There was a 166% increase in searches for cats on the RSPCA’s FindAPet website following the first year of the pandemic (March 2020 numbered 114,316; January 2021 numbered 304,300). 

Last year the charity rehomed 17,868 cats which is 53 a day, or two cats rehomed every hour. In Herefordshire and Worcestershire there were 303 cats rehomed in 2020.

Centres and branches are also caring for more cats than any pet with nearly 3,000 moggies coming into the RSPCA’s care from the start of the year (Jan 1- 31 Aug).

This month marks Adoptober, when the RSPCA shines a light on the animals in its care looking for homes, and with more cats coming into the charity’s care than any other pet this means there are plenty of feline friends looking to be adopted.

Sam Gaines, head of the RSPCA’s companion animals team, said: “It’s great to see so many people are interested in adopting cats from the RSPCA. The lockdown has really shone a light on the close bonds we have with our pets and for many people, their pets have become a real source of comfort during these challenging times. 

“We’ve seen a huge surge in pet ownership during the past year or so and whilst it’s positive that so many people want to take on a pet we are keen to highlight the importance of doing your research to ensure you’ve got the time, patience and money to care for that animal for the rest of their life. 

“Our centres and branches are seeing lots of cats coming into their care at the moment. This could be due to the end of the kitten season when most cats are born or more worryingly, it could be as a result of people buying cats on impulse earlier in the year who are now struggling to cope with them. 

“However, we’d urge anyone who has thoroughly done their research and is keen to take on a rescue cat to consider adopting from the RSPCA.”

Cats looking for homes in Herefordshire & Worcestershire include:


Two-year-old Stirling has been in the care of the RSPCA’s Worcester and Mid-Worcestershire Branch since July; and sadly this boy’s early life made him very nervous and he has difficulty trusting people. Stirling came into the branch’s care from a hoarding situation, where his former owner had more animals than they could cope with.

Stirling had obviously had to fight for his food; which was apparent from the scratch scars on his face. While he eats, he is still uncomfortable being watched and is constantly looking around, suspicious of it being taken away. At first he was very shut-down and unresponsive and would hide away in his bed; but he has progressed greatly since being in the RSPCA branch’s care and now sits out at the front of his pen taking in everything going on around him.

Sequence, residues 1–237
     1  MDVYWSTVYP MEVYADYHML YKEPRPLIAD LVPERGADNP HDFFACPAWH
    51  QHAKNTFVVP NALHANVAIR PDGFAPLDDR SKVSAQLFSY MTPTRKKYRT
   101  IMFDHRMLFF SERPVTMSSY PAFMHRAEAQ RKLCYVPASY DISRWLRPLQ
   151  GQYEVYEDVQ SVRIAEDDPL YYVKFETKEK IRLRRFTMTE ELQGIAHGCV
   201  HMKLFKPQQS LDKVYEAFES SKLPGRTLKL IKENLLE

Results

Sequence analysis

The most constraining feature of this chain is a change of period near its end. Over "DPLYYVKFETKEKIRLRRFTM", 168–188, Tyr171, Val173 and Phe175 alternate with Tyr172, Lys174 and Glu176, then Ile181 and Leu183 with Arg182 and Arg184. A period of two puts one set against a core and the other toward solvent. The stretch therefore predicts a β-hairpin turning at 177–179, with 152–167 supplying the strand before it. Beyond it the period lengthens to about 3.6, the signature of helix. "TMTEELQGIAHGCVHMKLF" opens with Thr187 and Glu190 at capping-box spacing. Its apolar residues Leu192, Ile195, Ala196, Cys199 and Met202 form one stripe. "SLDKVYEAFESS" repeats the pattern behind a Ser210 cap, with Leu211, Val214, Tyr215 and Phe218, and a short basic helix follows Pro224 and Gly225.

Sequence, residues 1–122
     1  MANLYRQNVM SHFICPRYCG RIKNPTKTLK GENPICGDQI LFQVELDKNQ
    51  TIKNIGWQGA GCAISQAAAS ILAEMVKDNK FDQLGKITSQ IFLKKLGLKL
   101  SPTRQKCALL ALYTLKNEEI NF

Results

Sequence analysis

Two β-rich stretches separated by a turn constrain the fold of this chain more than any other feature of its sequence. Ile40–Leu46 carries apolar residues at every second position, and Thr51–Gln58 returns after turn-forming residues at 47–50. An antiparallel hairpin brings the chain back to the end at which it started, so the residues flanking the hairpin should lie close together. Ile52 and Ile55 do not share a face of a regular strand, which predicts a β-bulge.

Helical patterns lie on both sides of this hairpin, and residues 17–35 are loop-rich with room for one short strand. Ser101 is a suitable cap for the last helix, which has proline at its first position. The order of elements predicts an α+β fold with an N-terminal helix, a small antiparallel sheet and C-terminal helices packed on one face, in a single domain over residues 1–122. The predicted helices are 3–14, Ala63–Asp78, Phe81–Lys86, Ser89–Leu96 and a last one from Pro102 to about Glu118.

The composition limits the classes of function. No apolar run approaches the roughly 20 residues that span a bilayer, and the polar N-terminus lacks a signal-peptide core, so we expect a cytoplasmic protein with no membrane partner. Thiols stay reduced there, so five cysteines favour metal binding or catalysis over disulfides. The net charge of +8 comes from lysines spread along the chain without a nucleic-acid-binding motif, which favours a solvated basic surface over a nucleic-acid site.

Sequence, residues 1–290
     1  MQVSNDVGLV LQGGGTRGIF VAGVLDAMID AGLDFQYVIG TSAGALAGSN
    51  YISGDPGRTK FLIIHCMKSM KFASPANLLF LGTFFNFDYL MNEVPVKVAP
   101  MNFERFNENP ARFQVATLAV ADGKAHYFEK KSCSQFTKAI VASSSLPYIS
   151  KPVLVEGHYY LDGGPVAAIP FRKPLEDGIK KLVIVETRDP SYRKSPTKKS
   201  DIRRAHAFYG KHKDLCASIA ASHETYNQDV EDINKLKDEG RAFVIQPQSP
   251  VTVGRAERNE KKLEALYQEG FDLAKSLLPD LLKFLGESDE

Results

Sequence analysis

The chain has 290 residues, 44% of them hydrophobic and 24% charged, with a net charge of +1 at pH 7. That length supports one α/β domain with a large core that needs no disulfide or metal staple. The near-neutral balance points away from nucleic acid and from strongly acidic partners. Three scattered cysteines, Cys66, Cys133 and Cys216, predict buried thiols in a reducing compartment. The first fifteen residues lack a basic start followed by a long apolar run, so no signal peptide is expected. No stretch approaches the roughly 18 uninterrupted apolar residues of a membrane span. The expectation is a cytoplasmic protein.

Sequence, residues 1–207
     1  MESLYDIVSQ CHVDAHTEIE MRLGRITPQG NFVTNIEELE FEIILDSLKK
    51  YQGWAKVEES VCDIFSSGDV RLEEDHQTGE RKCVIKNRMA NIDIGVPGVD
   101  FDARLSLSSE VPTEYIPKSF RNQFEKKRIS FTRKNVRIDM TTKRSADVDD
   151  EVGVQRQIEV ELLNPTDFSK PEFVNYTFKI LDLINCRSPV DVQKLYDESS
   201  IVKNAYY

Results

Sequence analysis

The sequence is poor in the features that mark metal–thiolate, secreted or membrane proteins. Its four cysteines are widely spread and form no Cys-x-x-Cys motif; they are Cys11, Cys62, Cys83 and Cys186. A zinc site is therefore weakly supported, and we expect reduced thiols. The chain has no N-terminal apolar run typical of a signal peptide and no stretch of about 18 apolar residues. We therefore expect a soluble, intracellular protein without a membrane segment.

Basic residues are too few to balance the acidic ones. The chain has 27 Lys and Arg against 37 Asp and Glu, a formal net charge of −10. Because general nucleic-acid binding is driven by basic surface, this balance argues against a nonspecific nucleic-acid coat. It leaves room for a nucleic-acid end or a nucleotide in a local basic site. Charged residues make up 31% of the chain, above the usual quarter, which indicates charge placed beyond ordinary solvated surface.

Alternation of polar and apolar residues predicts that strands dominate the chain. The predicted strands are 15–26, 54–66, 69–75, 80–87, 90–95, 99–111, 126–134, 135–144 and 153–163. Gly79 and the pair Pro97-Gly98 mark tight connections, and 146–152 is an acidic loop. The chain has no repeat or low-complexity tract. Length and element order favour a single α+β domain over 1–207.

Stirling increasingly wants to interact – but he is clearly still very conflicted and sometimes he will swipe if he becomes overwhelmed and feels crowded. Stirling now needs a forever home where he can come around at his own pace and learn to trust people. He would need to be the only pet in the household, and would also need to be with someone who can accept that, for the time being at least, he is very much a “hands off” cat – so would not be suited to a home with young children. Unfortunately, Stirling is a cat whose mental and physical wellbeing were negatively impacted at the hands of humans in the past – and he deserves the chance to realise that he can let his guard down and finally enjoy the sort of life he has previously been denied. Anybody interested in adopting Stirling can find more information on the RSPCA’s ‘Find a Pet’ website.

Sam added: “We believe neutering cats from four months old will reduce the amount of unwanted and unexpected litters of kittens that are born and sadly end up in rescue centres. We understand that many owners may not have been able to get their pets neutered as understandably vets had to prioritise emergencies in the face of Covid-19. However, we would urge anyone with an unneutered female cat to get them neutered as soon as they can and keep them indoors until they have been spayed.”

To help the RSPCA continue rescuing, rehabilitating and rehoming animals in desperate need of care please visit our website or call our donation line on 0300 123 8181.